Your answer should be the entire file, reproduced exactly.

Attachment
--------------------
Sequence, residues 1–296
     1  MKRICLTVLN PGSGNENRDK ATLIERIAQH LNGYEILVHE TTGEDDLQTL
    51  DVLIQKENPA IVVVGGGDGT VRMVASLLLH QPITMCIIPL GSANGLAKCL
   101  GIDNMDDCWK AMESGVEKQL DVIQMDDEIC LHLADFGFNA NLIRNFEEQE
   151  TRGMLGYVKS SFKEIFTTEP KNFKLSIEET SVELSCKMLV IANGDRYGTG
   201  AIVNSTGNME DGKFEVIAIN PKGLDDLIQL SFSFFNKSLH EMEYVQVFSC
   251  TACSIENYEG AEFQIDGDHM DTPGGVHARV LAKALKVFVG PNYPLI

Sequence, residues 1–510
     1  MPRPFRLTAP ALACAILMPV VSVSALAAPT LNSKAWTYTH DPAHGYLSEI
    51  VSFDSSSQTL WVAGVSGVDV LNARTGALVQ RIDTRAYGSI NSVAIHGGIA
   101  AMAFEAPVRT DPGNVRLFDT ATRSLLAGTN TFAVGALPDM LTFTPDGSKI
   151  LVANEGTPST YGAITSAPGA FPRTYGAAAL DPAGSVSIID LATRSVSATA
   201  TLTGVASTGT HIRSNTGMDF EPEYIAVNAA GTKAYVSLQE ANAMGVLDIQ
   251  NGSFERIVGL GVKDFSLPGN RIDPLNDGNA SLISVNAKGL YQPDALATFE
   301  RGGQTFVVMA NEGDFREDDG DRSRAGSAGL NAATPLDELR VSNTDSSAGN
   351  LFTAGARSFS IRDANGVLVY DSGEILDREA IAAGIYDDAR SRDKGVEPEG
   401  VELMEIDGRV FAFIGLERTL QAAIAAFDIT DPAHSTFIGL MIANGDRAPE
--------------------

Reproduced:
Sequence, residues 1–296
     1  MKRICLTVLN PGSGNENRDK ATLIERIAQH LNGYEILVHE TTGEDDLQTL
    51  DVLIQKENPA IVVVGGGDGT VRMVASLLLH QPITMCIIPL GSANGLAKCL
   101  GIDNMDDCWK AMESGVEKQL DVIQMDDEIC LHLADFGFNA NLIRNFEEQE
   151  TRGMLGYVKS SFKEIFTTEP KNFKLSIEET SVELSCKMLV IANGDRYGTG
   201  AIVNSTGNME DGKFEVIAIN PKGLDDLIQL SFSFFNKSLH EMEYVQVFSC
   251  TACSIENYEG AEFQIDGDHM DTPGGVHARV LAKALKVFVG PNYPLI

Sequence, residues 1–510
     1  MPRPFRLTAP ALACAILMPV VSVSALAAPT LNSKAWTYTH DPAHGYLSEI
    51  VSFDSSSQTL WVAGVSGVDV LNARTGALVQ RIDTRAYGSI NSVAIHGGIA
   101  AMAFEAPVRT DPGNVRLFDT ATRSLLAGTN TFAVGALPDM LTFTPDGSKI
   151  LVANEGTPST YGAITSAPGA FPRTYGAAAL DPAGSVSIID LATRSVSATA
   201  TLTGVASTGT HIRSNTGMDF EPEYIAVNAA GTKAYVSLQE ANAMGVLDIQ
   251  NGSFERIVGL GVKDFSLPGN RIDPLNDGNA SLISVNAKGL YQPDALATFE
   301  RGGQTFVVMA NEGDFREDDG DRSRAGSAGL NAATPLDELR VSNTDSSAGN
   351  LFTAGARSFS IRDANGVLVY DSGEILDREA IAAGIYDDAR SRDKGVEPEG
   401  VELMEIDGRV FAFIGLERTL QAAIAAFDIT DPAHSTFIGL MIANGDRAPE